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Will Kenya’s Central Bank Governor rescue Spire Bank?

By Morris Kiruga, in Nairobi
Posted on Wednesday, 17 April 2019 15:13

Although not a systemic financial institution, Spire Bank's owners are a vocal bunch: the teachers union

One of Kenya’s smallest lenders, Spire Bank, is teetering on the brink of collapse. The bank has piled up losses over the last decade, from Shs. 326million five years ago to Shs. 2.255 billion in 2018.

  • Although its losses before tax reduced from Shs. 1.576 billion in 2017 to Shs. 307.3 million in 2018, Spire Bank’s total losses increased to Shs. 2.254bn after it accounted for deferred tax arrears.
  • Nearly a decade of losses, except for a small reprieve in 2013, have left the lender with a negative asset base of Shs. 1 billion.

It is now struggling with critical capital and liquidity deficiencies, even as it seeks capital injections from its shareholders and an unnamed strategic investor.

Spire Bank is majority owned by Mwalimu National Sacco, the largest savings and credit group in Kenya. Mwalimu Sacco bought a 51 percent stake in late 2015 and have since increased its stake to 75 percent.

  • The controversial purchase, it emerged after the sale, could perhaps have done with greater due diligence. The sacco’s executives at the time said that in addition to it being an investment, it would help the organisation save on banking fees.
  • It was bought from Kenyan tycoon Naushad Merali.

The ownership changes were triggered in part by regulatory rules on ownership structures, as the bank had been majority-owned by Merali since its founding in 1995.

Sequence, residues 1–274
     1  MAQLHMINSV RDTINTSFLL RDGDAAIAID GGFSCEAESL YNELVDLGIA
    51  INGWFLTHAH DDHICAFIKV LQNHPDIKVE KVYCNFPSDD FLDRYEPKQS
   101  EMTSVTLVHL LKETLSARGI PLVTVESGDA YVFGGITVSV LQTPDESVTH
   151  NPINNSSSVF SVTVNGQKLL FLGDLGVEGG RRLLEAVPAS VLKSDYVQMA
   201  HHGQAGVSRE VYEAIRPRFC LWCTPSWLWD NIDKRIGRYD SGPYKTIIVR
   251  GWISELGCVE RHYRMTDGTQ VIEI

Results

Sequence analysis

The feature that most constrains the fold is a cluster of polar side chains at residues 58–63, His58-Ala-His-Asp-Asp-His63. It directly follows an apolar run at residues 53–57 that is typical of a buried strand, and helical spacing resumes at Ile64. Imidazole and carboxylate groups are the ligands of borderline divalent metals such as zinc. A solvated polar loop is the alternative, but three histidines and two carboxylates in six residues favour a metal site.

• It was known as Equatorial Commercial Bank (ECB) at the time, before rebranding to Spire Bank in 2016.
  • In 2010, the bank merged with Southern Credit Banking Corporation to create a new bank that met the regulator’s requirements of a core capital of Shs. 1 billion.

The Kenyan Central Bank’s silence on Spire Bank’s status has triggered a wave of speculation, as the current governor’s term began with the closure of the smallest bank in Kenya at the time, Dubai Bank.

  • The bank had been suffering liquidity and capital deficiencies at the time, while the next two banks to be closed were bigger Tier II banks with a solid capital base but other significant issues.

Contacted by The Africa Report, the Central Bank declined to comment.

One reason for the regulator’s wary approach this time, banking analyst George Boda tells The Africa Report, is previous experience. “[The closure of] Chase Bank caused liability flight out of Tier 3 banks, and Jamii Bora is a good example of a bank that has had to deal with elevated funding gaps,” Bodo says.

  • The struggles of Tier III lenders have been compounded by other issues as well, such as the rate cap. “In 2015 [before the rate cap], Tier III lenders made a profit of Shs. 3b. In 2017, they collectively made a loss of Shs. 1.6bn, which narrowed slightly to Shs. 1.2b in 2018,” Bodo says.

The bank itself has announced that it is in talks with a strategic investor, even as questions arise over the possible political implications of closing the bank while it is owned by a powerful teachers’ Sacco and holds substantial deposits.

In the meantime

  • On April 5th, Central Bank announced that the Kenya Deposit Insurance Corporation (KDIC) had accepted a final offer from KCB for Imperial Bank. “The accepted Final Offer includes a further recovery of 19.7 percent of eligible depositor balances remaining at IBLR,” CBK said in its press release. It further said that the remaining balances will be released in three tranches over four years after the agreement is signed.

While the announcement means good news for depositors of the troubled lender, several still expressed dismay with what they see as incomplete information from the regulator.

  • “The CBK should also have told us what the actual binding offer, and what actual percentages of the original deposits we should expect” Mohammed Khambiye, the chair of the depositor lobby group, told The Africa Report.
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